Every Jew has aspects of Judaism that come easy to them and others that are more challenging. Some can’t wait for Shabbos to start and others can’t wait for it to end; some find it difficult to eat only kosher and others never crave anything but kosher; but if you find a specific Mitzvah to be especially challenging for you – it’s not because it’s too much for you. It only means you have an opportunity to paint a supersized smile on G-d’s holy face.

Something to think about next time you have three hours to walk the distance between two gates …

Shabbat Shalom

Lights-out Shabbat

Last Friday night about 9:30 pm, something went wrong with a substation transmission power line and over 10,000 Rogers residents were left without power. I am not sure what the other 9,999 did, but in our home there was not much we can do -- it was Shabbos and no flashlights can be turned on or phone calls made. Fortunately, we were still able to continue our Shabbos dinner without interruption.

It is a custom in many communities that with the birth of each child we add one more Shabbos candle to the required two; so, with 8 children thank G-d, my wife lights 10 candles each week. Those, in addition to the ones lit by our daughter and our guest, provided enough illumination to continue Shabbos dinner uninterrupted.

1.jpgI don’t know if I ever appreciated the Shabbos candles as much as I did last Shabbos. With the lights usually on, I was never able to notice just how much light and warmth they provide. Enjoying a ‘candlelight dinner’ in a pitch black home and neighborhood was amazingly beautiful and peaceful.

As the evening progressed and the candles were reaching their end – one by one – I was surprised to see the difference in the room with each missing flame. I never had the chance to witness just how much light one little candle emits.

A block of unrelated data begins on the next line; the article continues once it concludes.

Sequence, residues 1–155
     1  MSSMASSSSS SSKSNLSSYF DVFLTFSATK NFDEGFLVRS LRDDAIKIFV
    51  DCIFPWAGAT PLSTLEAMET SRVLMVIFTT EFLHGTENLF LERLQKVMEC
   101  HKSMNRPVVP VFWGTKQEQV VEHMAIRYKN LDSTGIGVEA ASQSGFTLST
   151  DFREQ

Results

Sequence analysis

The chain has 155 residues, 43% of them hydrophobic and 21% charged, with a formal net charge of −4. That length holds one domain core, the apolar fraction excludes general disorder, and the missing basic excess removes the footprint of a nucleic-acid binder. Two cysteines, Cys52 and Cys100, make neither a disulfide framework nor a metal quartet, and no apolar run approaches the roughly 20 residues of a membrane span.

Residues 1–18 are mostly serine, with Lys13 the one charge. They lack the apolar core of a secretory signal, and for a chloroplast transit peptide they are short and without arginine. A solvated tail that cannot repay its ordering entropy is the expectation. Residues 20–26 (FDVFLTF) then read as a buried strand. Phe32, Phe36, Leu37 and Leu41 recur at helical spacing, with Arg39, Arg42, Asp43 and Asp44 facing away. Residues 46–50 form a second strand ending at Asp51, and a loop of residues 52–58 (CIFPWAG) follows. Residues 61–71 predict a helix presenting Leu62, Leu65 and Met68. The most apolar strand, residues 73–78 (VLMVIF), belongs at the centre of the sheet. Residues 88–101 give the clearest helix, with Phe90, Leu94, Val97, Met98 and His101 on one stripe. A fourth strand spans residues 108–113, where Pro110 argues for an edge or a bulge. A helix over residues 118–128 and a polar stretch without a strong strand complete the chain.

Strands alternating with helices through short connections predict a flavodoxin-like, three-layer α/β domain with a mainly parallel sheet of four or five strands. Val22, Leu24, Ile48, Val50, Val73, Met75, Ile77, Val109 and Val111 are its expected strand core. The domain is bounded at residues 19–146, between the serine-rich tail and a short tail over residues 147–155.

And I thanked G-d for each and every little candle.

The following morning in Shul, enjoying Shabbos prayers with our wonderful community, I couldn’t help but make the connection between the previous night’s events and that morning in Shul.

Yes, ours is a small community. We don’t have hundreds of people in Shul like they have in Jerusalem or Brooklyn. But because of that, each person that is there makes a palpable difference to the atmosphere and the warmth of the community. It isn’t easy to notice the value of each individual when “the lights are on” – when you’re in Shul with 500 people. Thank G-d for our small community, where we can appreciate the difference each and every one of you makes when they enter Shul.

And I thanked G-d for each and every member of our Jewish community.

Shabbat1.jpgSo after-all, last week I had a well-lit Shabbos. Tonight, as Dobi lights her candles; and tomorrow as we sit and pray with whoever is in Shul, I will once again thank G-d for the light and warmth each candle and each Jew brings.

I welcome you to join me in lighting Shabbos candles in your home tonight and in joining us in Shul tomorrow. Bring in the light!

Shabbat Shalom,

Rabbi Mendel Greisman

P.S. In case you’re wondering, about an hour and a half later, as the last of the candles were about to go out, the power came back on.